“I want my victories to be flawless.” - Floyd Mayweather
In the latest issue of Interview Magazine, Keira Knightley sits down to give one of her first interviews on taking on the role of Anna Karenina for Pride and Prejudice director Joe Wright. Conducting the interview is David Cronenberg, Knightley’s director for last year’s psychoanalytic drama A Dangerous Method. Check out an excerpt below.
CRONENBERG: So was this version of Anna Karenina done in a big epic way?
KNIGHTLEY: It is sort of done in an epic way, but it was pretty much all done on one set, so it’s also a very stylized, deeply theatrical kind of piece. It was the opposite of A Dangerous Method in some ways, I think, with a million different shots and, you know, there’s just a completely different vibe. Sabina and Anna are not similar, but there is this similar idea of the mind turning against the person, which seems to be a theme in what I’m doing at the moment. But the actual way of making Anna Karenina was completely different from how we made A Dangerous Method.
CRONENBERG: Did you look at any of the other adaptations of Anna Karenina that have been done?
KNIGHTLEY: I saw a couple of versions ages ago. I’ve seen the one that was on TV in England with Helen McCrory playing Anna, and she’s wonderful. I also saw the Greta Garbo version, but years and years ago. I didn’t want to see it again just before I played the part because I thought if I did something similar that I would want it to be an accident, not because I’ve nicked it. But it’s a very strange book, that one … I don’t quite understand what Tolstoy’s actual personal view of Anna is—whether he likes her or hates her, whether she’s the heroine or the antiheroine. There are moments where he seems to despise her, and it’s actually a book about a woman who is in some ways despicable, so playing it without trying to make it too nice or without trying to simplify it is actually kind of tricky. I think if it just turns into a romance that it’s not as interesting as the actual story.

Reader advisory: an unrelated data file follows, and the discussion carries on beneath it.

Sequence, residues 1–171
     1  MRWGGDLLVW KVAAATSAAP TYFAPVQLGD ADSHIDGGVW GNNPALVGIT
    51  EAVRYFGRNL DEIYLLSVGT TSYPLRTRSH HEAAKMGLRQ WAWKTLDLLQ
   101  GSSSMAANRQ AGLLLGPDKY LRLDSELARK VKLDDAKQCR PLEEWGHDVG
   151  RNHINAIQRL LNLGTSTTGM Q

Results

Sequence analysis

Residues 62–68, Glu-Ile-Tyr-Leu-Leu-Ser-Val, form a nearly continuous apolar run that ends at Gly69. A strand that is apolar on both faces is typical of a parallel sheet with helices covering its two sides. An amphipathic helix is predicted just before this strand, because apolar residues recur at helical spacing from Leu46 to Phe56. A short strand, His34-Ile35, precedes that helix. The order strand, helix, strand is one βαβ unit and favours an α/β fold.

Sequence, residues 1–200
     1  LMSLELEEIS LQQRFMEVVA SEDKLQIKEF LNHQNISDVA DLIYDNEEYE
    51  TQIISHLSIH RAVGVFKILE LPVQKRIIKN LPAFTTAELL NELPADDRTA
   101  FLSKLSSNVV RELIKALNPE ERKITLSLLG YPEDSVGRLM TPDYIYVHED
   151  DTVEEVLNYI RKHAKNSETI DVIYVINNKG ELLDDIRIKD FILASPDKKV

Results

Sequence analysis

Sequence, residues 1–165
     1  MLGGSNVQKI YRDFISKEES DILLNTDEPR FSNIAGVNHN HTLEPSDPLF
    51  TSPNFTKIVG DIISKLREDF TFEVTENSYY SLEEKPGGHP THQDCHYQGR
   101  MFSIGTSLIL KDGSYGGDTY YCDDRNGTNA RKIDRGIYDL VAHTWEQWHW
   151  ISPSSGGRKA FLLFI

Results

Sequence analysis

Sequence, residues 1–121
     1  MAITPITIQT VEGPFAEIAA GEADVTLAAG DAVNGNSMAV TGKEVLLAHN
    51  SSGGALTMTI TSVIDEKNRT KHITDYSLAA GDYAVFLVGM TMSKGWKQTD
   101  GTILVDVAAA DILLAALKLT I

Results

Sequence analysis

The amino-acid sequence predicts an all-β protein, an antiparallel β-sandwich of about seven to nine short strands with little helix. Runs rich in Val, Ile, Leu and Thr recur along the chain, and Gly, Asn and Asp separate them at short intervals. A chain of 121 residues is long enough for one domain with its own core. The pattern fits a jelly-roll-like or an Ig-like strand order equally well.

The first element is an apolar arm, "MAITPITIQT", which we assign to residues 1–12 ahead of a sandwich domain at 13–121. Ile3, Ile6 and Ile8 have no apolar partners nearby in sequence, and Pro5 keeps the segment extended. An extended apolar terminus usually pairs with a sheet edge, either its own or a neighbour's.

CRONENBERG: One could say, “Well, why does it matter what Tolstoy’s point of view was?” But in a way, Tolstoy is the director of the book and Anna is the actress. I’ve been writing a novel myself. I started off my young career thinking I would be a novelist.
KNIGHTLEY: I didn’t know that.
CRONENBERG: Yeah. The weird thing is that I find it very much like directing. You’re casting it, you’re dressing everyone, you’re lighting it, you’re finding the locations, you’re figuring out what food they’re eating. So thinking of Tolstoy as the director of his novel and you, the actress, trying to figure out what his attitude is to you. Does Joe Wright then become Tolstoy to you?
KNIGHTLEY: [laughs] Yeah, of course. I think the main thing in trying to do an adaptation of a book this size is determining what point Tolstoy was trying to make with this character. What purpose does this character have? Is the character meant to be seen in a good light or in a bad light? Is there any way we can combine the good and the bad within this person, because that’s going to be more interesting? I think we were constantly questioning things in that way. So, yes, I suppose Joe did become a kind of a Tolstoy character.